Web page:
Irish Food Safety and HSE investigations target craft beers

It's been a tough week for Ireland's craft brewers...

The Food Safety Authority of Ireland (FSAI) and Health Service Executive (HSE) have revealed that they are carrying out a number of investigations relating to craft beers.

This comes one week after it was confirmed that Heineken Ireland products have been mis-labelled as craft beers in a number of outlets around the country.

A statement issued to Newstalk reads, "The FSAI, together with the HSE, is investigating complaints in relation to a number of craft beers. As this investigation is ongoing, we are not in a position to comment further at this time."

The HSE issued an almost incidental statement confirming that it is carrying out investigations focused on craft beers.

This was a response to a query asking if mis-labeling beers would violate Irish or European food labeling rules - although there is no indication that this is the subject of the FSAI/HSE investigation.


Last week, the Competition and Consumer Protection Commission (CCPC) told Newstalk it was aware of both the Heineken mis-labeling and of the fact Heineken is seeking to address the matter by means of an external investigation.

"At this time, the CCPC does not have a formal investigation open, but will continue to monitor the issue," its statement added.

The hashtag #FakeCraft has appeared across social media raising concerns about suspect brews found around the country.

One highlighted beverage was Pana Cork Lager - a new beer which recently appeared in bars in Cork.

The drink is from C&C's brewery in Clonmel, it describes it as being "made from Irish ingredients and hand batch brewed in a small brewery at C&C's manufacturing site in Clonmel."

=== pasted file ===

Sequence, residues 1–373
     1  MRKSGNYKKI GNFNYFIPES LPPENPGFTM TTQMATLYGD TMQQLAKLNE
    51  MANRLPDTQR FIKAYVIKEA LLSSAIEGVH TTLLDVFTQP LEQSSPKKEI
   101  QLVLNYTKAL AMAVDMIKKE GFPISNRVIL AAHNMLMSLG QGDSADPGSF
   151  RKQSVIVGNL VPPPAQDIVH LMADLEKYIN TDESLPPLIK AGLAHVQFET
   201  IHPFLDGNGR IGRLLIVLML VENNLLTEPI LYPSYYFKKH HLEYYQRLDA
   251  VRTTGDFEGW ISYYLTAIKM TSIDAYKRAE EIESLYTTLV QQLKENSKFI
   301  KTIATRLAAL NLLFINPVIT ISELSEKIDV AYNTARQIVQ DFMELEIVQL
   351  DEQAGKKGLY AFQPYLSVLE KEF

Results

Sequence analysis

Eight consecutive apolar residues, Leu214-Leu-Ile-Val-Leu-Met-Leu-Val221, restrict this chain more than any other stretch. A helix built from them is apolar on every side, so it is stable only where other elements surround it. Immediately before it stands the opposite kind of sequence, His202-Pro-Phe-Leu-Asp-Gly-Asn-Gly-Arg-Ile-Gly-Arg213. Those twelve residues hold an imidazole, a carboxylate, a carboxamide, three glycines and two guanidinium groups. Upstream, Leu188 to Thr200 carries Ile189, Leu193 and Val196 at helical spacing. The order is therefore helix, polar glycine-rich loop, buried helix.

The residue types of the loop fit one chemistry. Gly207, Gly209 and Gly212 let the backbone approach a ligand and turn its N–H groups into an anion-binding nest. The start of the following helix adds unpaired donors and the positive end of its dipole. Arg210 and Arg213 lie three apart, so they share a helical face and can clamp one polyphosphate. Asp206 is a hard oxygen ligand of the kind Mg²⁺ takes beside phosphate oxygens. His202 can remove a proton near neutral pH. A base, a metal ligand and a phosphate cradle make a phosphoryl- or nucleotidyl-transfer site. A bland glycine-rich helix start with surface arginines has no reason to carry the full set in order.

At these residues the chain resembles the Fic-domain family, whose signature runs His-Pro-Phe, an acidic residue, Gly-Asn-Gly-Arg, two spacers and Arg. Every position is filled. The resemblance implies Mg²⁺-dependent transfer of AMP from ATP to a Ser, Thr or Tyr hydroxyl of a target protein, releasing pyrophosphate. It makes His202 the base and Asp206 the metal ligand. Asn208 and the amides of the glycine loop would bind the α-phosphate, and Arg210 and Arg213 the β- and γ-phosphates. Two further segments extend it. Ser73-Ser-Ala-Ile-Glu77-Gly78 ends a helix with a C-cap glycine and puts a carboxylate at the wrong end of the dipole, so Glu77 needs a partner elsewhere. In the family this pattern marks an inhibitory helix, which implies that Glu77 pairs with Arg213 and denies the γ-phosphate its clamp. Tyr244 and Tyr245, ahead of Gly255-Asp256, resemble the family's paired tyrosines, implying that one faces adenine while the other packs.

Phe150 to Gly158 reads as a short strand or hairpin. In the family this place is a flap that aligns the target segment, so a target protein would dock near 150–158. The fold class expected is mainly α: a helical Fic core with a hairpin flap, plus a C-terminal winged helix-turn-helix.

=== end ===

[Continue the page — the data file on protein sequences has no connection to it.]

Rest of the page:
It added that it is "based on the very successful Clonmel 1650 recipe." This comes after social media users and The Sunday Times suggested that Pana is in fact Clonmel 1650 under a different guise - although the company has clarified that this is not the case.

"Pana is only to be marketed and sold in Cork; and, only in the on trade as a standard lager (it’s not a craft lager) ... Our lager is not involved either in misrepresentation or passing off as something it is not," the statement continued.

Newstalk has learned that some local pubs marketed the drink as a 'craft' product in error.


In reaction to the coverage of Ireland's craft beer industry Beer Ireland, an association which represents more than 30 microbreweries, is pushing forward with the use of a Beer Ireland logo to identify craft beers.

Beer Ireland PRO Gerald Costello said that the fightback against falsely labelled drinks has been led by complaints by consumers, "It's heartening that they want our genuine product, and consumers need to know that's what they're getting, not something dressed up as it," he told

Beer Ireland logo design

Meanwhile, Grainne Walsh, PRO of the Independent Craft Brewers of Ireland and co-founder of Metalman Brewing, joined Breakfast Business and outlined her organisation's intention to also "introduce a logo which will represent Irish microbrewed beer."

"The idea being that Irish microbrewers by definition – as Customs and Excise define microbrewing – can place this logo on their packaging which will demonstrate to consumers when they're choosing brews with this logo that the brew is made in a physical microbrewery in Ireland and packaged on the island of Ireland with no link to any large multinational brewers," she continued.

Beer Ireland told Newstalk that there has been an increase in interest in their association from brewers following the Heineken craft scandal.

Since the news broke, there has also been open communication between it and the Independent Craft Brewers of Ireland group, and it is possible that they will pool resources to make sure that Irish micro-brews are easy for customers to identify.